- Which Law School Can Offer the Best Value?- The National Jurist has published its list of the top 60 “Best Value Law Schools.” While graduates of these law schools may not score the highest salaries, they “have an excellent chance of passing the bar and getting a job, without taking on a ton of debt.” The rankings methodology considered a number of factors, including bar passage rates, percentage of grads with employment nine months after graduation, average student debt, and in-state tuition. Georgia State University College of Law holds the top spot, followed by Brigham Young University Law School and Florida State University College of Law. Interestingly, the top schools ranked by U.S. News didn’t even make it into the top 60 here.
- Some Federal Honors Programs Cut- Some of the federal government’s honors programs for law grads are being reduced. According to the National Jurist, the U.S. Justice Department has cut down its hiring to about 70–80 honors attorneys next year, versus 165 this year. In the same vein, the honors program at the U.S. Equal Employment Opportunity Commission is on hold, and the I.R.S. is “scaling back its program.” Some departments are still holding strong, however—following a three-year hiatus, the FCC is reinstating its program, and the Department of Energy and the new Consumer Financial Protection Bureau will also be hiring honors lawyers.
- Unsure About Your Character and Fitness?- If you’re struggling with the Character and Fitness questions on your applications, Most Strongly Supported can help you out. It’s always safer to disclose than withhold information, “even those crimes that were expunged from your record.” Most likely, your disclosure won’t affect your application. Law schools just want to ensure that you can pass the Character and Fitness part of the bar. They also want to make sure that your pre-law school behavior doesn’t “call your character into question,” especially if a pattern emerges. One speeding ticket is harmless; twenty, however, is another story. The best way to lessen the impact of your infractions is if significant time has passed since then. You can also “volunteer in a capacity that demonstrates remorse.” And, of course, write an addendum to your application that reveals all pertinent information, including any results from court proceedings, and conveys your repentance.
- New Joint J.D. and M.A. in Mental Disability Law- New York Law School, in conjunction with the John Jay College of Criminal Justice, will now offer a joint degree in law and a master’s in mental disability law studies, the National Jurist reports. The joint degree can be completed in four years instead of five, and some classes will be taught online. Those taking the course, starting at about 20 students per year, will be trained to represent a range of people with mental disabilities, such as those committed to institutions, sexually violent predators, and the homeless.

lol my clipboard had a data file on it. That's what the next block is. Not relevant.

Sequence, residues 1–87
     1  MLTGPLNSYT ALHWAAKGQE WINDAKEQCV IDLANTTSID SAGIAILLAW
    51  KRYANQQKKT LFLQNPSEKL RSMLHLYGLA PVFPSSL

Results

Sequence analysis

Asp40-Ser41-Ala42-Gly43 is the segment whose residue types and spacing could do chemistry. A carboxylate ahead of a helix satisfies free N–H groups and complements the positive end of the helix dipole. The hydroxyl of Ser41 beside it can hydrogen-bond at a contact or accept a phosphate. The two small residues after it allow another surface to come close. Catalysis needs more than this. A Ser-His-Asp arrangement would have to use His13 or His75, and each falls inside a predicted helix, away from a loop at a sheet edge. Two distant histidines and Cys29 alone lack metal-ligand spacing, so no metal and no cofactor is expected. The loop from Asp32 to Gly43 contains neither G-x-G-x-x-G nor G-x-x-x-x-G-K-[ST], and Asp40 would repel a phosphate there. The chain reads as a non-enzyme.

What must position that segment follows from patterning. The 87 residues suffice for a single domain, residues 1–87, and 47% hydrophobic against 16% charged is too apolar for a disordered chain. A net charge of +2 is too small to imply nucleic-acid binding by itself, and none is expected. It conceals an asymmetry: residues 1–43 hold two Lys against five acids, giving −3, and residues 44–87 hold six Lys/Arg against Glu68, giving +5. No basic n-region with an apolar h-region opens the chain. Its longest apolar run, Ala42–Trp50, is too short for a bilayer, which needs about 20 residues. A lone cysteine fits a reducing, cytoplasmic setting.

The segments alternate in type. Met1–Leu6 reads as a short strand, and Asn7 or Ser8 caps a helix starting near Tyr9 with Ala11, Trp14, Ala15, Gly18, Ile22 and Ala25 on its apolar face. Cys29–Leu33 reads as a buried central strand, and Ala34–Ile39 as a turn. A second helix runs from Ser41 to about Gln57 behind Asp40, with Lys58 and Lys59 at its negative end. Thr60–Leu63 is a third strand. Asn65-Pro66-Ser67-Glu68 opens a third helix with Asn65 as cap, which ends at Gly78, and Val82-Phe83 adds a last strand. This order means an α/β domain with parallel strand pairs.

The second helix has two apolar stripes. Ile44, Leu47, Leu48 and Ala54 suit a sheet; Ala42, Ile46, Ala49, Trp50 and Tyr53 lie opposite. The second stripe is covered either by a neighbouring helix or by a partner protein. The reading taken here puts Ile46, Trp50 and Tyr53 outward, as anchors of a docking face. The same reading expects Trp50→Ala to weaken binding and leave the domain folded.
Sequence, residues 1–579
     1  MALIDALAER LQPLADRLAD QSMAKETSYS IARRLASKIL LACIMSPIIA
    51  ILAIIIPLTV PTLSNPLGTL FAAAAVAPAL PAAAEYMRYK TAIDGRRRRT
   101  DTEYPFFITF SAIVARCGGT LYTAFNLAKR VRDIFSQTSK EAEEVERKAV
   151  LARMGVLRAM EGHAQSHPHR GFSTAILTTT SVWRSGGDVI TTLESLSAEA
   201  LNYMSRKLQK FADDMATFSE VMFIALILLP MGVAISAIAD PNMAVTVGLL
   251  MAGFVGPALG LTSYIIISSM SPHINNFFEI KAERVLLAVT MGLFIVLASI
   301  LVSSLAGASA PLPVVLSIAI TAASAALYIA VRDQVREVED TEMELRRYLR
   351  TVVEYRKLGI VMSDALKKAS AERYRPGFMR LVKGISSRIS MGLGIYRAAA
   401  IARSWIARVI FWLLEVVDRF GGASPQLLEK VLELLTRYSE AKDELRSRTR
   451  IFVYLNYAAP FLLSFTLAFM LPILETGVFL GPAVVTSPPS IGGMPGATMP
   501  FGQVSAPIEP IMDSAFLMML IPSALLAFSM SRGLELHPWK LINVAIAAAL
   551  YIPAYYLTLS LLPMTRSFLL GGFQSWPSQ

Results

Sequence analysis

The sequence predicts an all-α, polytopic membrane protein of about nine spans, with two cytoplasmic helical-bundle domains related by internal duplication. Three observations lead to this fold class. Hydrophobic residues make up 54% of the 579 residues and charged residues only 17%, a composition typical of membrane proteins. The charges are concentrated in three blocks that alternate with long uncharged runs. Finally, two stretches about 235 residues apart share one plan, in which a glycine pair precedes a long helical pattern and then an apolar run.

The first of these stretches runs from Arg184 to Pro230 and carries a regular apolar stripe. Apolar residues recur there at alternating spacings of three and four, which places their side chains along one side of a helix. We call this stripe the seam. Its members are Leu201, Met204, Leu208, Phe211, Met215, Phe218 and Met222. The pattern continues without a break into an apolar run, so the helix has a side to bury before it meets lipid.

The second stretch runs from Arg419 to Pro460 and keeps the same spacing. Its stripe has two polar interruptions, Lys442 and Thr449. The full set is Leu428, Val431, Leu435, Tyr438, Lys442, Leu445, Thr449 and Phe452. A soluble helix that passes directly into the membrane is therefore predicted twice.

- Which Law Schools Produce the Most Big Firm Partners?- In an exclusive study, the National Jurist reports that almost 50 percent of partners at the country’s largest law firms graduated from 20 law schools, and 75 percent come from 50 schools. The article lists 148 law schools that have at least one graduate as a partner. Harvard tops the list, with 946 partners, followed by Georgetown, NYU, Virginia, and Columbia.
- Are Law Schools in Crisis?- The National Law Journal’s Law School Review, an online forum, asked a panel of experts if law schools are in crisis. Many responses and topics were broached, a number of which called for a change in legal education. While most would agree that experiential learning needs to be more strongly emphasized, some were skeptical that this move would really transpire, since clinical education “is much more expensive than traditional classroom instruction” and not in the tenured faculty’s best interests. In a similar vein, respondents would like to better ensure graduates’ career success, whether by preparing them for law firm work or entrepreneurship opportunities. Brian Tamanaha, a professor at Washington University in St. Louis School of Law, dealt directly with the question at hand: “Law schools are not in crisis. The real crisis is suffered by our recent graduates, who find themselves burdened by mountainous debt, with limited employment opportunities.” For more of the panel, read the article or check out the blog for the entire transcript.
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